Tulipwood

Commercial names:

Poplar, canary timber, yellow poplar, hickory poplar, tulip poplar, tulipwood (USA); tulip tree (Canada, UK and USA); canary whitewood (UK).

Distribution:

Eastern USA, Canada and introduced into Europe.

General description:

In second growth trees the sapwood is very wide, whitish in colour and streaked. It is sharply defined from the heartwood which varies from pale yellowish brown to pale olive-brown streaked with olive green, dark grey or pinkish-brown. When it is mineral stained, there are streaks of steel blue. Weight is 510 kg/m3 (31  1b/ft3) and the specific gravity is .51. The texture is fine and regular with straight grain.

Mechanical properties:

This medium density timber has a low bending and resistance to shock loads, low stiffness and medium crushing strengths. It also has a medium steam bending classification.

Seasoning:

The material kiln dries easily and well, without risk of checking and warping, it also air dries with little degrade. There is small movement in service.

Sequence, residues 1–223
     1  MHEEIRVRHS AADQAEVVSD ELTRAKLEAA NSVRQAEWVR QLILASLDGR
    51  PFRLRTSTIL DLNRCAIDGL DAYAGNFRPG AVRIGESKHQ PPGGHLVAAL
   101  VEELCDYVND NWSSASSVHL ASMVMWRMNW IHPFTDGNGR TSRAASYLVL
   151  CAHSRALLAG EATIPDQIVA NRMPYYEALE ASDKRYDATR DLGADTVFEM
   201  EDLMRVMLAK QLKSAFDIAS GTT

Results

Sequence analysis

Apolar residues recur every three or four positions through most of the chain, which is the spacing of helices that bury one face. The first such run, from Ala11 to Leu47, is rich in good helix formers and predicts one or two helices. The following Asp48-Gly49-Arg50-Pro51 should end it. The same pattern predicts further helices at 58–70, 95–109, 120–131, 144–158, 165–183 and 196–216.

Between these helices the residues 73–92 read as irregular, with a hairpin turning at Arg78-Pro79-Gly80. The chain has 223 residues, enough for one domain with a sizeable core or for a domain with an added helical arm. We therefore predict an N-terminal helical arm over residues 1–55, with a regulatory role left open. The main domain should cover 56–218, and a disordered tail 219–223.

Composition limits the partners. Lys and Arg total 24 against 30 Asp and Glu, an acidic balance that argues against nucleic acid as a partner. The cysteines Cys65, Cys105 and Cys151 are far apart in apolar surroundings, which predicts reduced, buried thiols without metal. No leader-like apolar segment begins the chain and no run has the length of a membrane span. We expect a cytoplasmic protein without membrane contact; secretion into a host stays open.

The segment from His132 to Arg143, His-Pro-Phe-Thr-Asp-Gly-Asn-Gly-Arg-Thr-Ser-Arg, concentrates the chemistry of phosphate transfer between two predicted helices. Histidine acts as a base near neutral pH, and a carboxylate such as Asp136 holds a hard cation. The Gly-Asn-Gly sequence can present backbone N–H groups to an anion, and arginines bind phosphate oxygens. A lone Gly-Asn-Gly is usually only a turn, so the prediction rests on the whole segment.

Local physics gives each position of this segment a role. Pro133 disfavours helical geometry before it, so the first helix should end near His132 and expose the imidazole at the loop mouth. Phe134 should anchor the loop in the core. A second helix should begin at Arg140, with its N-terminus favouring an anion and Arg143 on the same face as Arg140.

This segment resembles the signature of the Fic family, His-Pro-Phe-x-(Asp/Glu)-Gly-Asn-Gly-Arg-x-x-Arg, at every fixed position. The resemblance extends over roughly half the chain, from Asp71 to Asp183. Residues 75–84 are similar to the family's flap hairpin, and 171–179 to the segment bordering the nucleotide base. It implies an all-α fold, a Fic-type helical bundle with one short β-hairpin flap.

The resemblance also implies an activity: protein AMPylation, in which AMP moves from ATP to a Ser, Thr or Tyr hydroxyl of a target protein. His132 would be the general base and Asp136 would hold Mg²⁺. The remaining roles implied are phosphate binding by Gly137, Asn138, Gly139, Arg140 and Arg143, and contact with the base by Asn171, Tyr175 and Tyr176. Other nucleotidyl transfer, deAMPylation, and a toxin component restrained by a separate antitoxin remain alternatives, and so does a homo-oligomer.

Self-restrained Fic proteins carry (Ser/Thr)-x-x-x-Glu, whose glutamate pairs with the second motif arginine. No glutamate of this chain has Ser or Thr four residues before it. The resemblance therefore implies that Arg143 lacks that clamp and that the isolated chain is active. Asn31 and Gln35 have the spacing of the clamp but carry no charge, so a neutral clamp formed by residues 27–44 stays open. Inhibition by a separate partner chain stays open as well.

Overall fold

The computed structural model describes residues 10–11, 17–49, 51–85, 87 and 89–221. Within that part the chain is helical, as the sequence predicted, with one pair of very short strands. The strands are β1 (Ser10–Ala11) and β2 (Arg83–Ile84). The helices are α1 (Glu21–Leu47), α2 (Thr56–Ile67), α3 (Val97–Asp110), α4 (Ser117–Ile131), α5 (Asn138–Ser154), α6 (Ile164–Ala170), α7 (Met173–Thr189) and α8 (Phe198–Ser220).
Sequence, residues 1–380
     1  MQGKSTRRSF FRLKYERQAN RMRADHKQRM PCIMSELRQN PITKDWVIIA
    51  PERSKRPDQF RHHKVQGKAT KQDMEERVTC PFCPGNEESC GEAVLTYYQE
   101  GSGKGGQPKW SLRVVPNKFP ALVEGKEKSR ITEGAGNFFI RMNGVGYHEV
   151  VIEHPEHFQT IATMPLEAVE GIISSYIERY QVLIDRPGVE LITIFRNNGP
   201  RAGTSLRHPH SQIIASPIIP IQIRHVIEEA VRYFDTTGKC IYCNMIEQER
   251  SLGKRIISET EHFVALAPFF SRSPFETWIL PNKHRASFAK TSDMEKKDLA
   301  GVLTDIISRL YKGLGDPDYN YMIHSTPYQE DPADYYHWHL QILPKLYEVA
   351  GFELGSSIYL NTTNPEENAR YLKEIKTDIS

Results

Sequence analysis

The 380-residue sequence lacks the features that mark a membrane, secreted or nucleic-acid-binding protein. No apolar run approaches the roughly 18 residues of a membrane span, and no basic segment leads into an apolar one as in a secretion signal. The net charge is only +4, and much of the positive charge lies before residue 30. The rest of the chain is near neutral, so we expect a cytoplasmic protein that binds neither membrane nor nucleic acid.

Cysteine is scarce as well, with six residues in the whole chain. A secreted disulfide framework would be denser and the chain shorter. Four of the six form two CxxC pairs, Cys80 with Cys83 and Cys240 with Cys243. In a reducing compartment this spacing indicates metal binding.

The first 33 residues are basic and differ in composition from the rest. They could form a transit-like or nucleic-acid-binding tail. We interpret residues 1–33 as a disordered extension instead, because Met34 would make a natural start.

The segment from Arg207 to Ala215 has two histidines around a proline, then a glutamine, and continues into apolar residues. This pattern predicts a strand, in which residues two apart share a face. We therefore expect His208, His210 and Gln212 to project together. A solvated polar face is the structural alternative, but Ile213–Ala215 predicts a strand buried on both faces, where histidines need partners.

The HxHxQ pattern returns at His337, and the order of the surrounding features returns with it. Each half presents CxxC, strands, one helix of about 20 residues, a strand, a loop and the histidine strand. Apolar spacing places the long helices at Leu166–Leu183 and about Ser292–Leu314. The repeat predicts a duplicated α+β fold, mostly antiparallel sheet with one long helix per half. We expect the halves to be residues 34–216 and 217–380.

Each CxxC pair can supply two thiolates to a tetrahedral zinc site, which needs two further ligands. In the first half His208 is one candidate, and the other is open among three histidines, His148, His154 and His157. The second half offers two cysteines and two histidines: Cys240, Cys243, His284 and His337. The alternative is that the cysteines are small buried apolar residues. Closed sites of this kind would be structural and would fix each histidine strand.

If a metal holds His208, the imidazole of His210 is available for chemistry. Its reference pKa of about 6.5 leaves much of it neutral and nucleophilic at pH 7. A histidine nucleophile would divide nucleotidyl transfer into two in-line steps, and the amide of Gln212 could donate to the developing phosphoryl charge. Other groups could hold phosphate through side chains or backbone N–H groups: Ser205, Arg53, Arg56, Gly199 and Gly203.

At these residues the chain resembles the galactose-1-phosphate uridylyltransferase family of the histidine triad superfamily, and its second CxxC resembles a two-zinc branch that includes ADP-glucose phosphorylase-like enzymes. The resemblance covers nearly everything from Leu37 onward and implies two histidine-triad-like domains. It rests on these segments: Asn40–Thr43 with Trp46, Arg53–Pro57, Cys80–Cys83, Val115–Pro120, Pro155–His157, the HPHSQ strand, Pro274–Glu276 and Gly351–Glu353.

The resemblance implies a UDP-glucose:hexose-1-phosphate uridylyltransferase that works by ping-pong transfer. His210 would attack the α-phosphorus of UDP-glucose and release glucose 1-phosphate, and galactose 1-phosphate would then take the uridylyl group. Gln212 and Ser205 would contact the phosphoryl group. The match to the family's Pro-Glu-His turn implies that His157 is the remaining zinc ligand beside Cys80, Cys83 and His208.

Working properties:

It is easy to work with hand and machine tools; it can be planed to a very smooth finish. Nailed, screwed and glued joints hold perfectly and it can be stained, polished or painted whilst holding hard enamels.

Durability:

This timber is non-durable; the sapwood is prone to attacks by the common furniture beetle. It is moderately resistant t preservation treatment and the sapwood is permeable.

Uses:

Pattern making, carving, cabinetmaking, interior fittings, interior joinery, and light construction work, interior trim for boats, toys and doors. This timber is also used for plywood and core stock. When treated with preservatives, it is used for external joinery and work not in contact with the ground. Selected logs are sliced for very decorative veneers suitable for panelling, cabinets and marquetry.

Note:

Not to be confused with the softwood known as ‘Whitewood’.